Star Trek Beyond
122 minutes (12A)
Beaming in for the series’ 50th anniversary, Star Trek Beyond has a lot riding on it.
The long-running sci-fi series was running out of steam before JJ Abrams weaved his magic reboot wand in 2009 and re-energised the franchise. Gone were the glacial-paced morality plays and ageing cast, in came cutting-edge visual effects, epic space dog fights and a younger cast to play iconic heroes.
Now, with the third film in the rebooted run, Abrams has left the director’s chair and it’s down to Fast & Furious helmer Justin Lin and Scotty himself Simon Pegg (on scriptwriting duties with Doug Jung) to come up with a big film for Trek’s 50th.
They deliver the goods, giving Trek fans a fun, action-packed thrill-ride that never loses sight of what made the 60s series great. Sure, new-look Trek might not be as philosophically probing as Gene Roddenberry’s original creation, but that was TV – film offers a different set of widescreen demands. This maintains all the entertainment value and inter-crew relationships that fans of old Trek know and love.
“A fun, action-packed thrill-ride that never loses sight of what made the 60s series great.”
In Beyond, the USS Enterprise is midway through its five-year mission when Kirk (Chris Pine) begins to experience a crisis of purpose. Birthday drinks with Bones (Karl Urban) cleverly mirrors a similar scene in Wrath of Khan, and make Kirk question if life in space is for him.
This turns out to be the calm before a significant storm. An alien attack shreds the Enterprise to pieces, scattering the crew across on an uncharted planet and putting them face-to-face with Idris Elba’s villain Krall.
The battle for survival sees them encounter Sofia Boutella’s Jaylah and have to defend a giant outer space Federation city from Krall’s bloodlust. Just as the shaky recycling of Khan ended up scuppering Star Trek Into Darkness, Beyond’s villain ends up being one of its weak points.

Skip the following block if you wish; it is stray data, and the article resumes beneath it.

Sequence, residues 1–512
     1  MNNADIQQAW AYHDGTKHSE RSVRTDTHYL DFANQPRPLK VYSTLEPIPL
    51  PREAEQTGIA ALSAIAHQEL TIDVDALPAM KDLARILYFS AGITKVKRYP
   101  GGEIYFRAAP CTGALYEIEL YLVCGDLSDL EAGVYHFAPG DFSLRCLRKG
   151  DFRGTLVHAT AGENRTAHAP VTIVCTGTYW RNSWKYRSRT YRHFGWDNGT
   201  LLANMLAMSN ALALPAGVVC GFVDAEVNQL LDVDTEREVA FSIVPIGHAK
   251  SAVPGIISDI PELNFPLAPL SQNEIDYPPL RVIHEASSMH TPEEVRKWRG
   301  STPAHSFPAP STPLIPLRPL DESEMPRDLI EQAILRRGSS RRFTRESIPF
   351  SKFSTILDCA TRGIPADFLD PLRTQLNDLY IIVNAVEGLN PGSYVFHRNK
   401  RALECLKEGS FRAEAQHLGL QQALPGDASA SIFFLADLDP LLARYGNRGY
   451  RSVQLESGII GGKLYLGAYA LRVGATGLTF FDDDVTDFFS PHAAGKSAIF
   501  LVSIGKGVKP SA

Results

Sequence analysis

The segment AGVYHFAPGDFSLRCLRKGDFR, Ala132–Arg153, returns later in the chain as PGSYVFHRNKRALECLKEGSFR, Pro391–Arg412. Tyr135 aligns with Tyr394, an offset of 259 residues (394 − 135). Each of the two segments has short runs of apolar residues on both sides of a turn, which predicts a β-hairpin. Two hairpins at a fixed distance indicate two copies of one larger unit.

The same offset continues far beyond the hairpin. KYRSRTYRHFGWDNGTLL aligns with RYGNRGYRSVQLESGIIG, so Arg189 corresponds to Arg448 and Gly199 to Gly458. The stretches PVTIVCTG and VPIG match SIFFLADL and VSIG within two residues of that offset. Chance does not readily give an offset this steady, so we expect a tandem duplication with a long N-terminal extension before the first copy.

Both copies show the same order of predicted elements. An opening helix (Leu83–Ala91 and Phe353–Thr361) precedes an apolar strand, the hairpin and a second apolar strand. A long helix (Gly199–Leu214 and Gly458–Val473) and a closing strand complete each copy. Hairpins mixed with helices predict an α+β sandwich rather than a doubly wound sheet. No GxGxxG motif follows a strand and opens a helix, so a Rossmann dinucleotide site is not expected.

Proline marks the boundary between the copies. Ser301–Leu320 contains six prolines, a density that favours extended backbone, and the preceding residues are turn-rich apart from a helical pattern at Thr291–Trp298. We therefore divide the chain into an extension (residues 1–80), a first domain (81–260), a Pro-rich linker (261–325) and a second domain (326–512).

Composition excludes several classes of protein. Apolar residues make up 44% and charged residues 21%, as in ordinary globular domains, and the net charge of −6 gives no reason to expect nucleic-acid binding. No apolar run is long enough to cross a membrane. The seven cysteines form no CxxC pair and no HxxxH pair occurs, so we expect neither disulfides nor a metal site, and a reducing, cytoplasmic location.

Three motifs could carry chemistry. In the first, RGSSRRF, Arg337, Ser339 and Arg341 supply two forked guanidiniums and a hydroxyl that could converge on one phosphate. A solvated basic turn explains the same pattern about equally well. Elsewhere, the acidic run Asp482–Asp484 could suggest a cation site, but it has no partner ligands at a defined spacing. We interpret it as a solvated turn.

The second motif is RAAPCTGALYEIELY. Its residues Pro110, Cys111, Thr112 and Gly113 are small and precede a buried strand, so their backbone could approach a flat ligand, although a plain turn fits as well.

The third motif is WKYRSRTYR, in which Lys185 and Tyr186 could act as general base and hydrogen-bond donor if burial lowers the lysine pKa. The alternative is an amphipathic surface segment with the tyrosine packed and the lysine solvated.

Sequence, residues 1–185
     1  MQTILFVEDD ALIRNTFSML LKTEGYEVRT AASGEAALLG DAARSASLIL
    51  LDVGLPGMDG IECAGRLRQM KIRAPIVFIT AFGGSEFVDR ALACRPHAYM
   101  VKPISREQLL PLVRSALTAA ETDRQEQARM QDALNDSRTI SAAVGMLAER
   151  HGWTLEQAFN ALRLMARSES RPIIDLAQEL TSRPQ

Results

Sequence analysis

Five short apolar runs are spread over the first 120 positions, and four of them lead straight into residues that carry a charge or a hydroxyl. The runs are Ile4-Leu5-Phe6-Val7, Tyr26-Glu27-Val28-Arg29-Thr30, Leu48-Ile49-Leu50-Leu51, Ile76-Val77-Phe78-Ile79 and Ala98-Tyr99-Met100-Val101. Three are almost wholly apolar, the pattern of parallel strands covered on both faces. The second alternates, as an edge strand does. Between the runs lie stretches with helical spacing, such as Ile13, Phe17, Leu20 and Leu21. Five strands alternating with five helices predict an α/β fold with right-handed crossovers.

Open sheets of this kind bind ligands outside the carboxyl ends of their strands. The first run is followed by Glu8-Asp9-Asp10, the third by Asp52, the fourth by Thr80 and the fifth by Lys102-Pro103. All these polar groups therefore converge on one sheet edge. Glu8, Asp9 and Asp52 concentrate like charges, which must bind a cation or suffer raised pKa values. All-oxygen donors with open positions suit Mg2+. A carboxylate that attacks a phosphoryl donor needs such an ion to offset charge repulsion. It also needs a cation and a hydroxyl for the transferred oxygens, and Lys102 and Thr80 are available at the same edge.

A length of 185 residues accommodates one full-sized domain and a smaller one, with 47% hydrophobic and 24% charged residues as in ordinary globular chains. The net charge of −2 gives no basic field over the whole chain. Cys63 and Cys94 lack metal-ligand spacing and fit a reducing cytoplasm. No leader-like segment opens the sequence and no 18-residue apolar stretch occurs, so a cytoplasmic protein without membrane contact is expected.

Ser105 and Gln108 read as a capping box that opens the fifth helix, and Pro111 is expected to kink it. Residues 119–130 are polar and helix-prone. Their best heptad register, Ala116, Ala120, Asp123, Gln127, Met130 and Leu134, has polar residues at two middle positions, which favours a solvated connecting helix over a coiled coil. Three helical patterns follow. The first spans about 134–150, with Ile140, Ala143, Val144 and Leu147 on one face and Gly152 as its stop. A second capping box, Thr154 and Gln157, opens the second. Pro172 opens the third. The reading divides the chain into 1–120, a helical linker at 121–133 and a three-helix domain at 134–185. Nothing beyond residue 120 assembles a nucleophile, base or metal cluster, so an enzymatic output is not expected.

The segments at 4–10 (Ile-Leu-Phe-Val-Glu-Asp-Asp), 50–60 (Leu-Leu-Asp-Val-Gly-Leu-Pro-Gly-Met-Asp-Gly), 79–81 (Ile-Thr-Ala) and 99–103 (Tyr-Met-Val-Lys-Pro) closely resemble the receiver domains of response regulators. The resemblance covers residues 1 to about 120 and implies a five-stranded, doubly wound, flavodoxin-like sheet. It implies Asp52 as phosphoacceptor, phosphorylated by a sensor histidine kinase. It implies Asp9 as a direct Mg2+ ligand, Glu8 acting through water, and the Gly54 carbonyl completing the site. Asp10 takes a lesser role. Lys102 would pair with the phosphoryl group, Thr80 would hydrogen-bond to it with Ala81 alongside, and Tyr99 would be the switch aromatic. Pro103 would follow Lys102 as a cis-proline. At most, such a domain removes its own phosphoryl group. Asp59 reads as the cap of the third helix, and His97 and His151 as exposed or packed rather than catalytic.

The film keeps Krall’s motivations under wraps for the bulk of his screen time, meaning you never quite know why he’s going ballistic against Kirk and co. The pace drags a little as the separated crew attempt to reunite post-Enterprise destruction, but the cast – including a returning Zachary Quinto, Zoe Saldana, John Cho and the late Anton Yelchin – are so in the skin of their characters they always make for compelling viewing.
Pegg gets some good scenes with Jaylah, while the no-nonsense Bones and highly-logical Spock are a fine oddball double-act. Everyone’s stronger together than they are apart, though – and the Enterprise-crew-as-family theme is what really makes Beyond tick.
It also manages to honour the series’ past with a touching tribute to original Spock Leonard Nimoy, who passed away while this latest movie was in production. Quinto’s Spock crossed over with the Nimoy version in the 2009 reboot, and they handle his send-off brilliantly here. There’s even room – at last – for a little William Shatner cameo (well, sort of).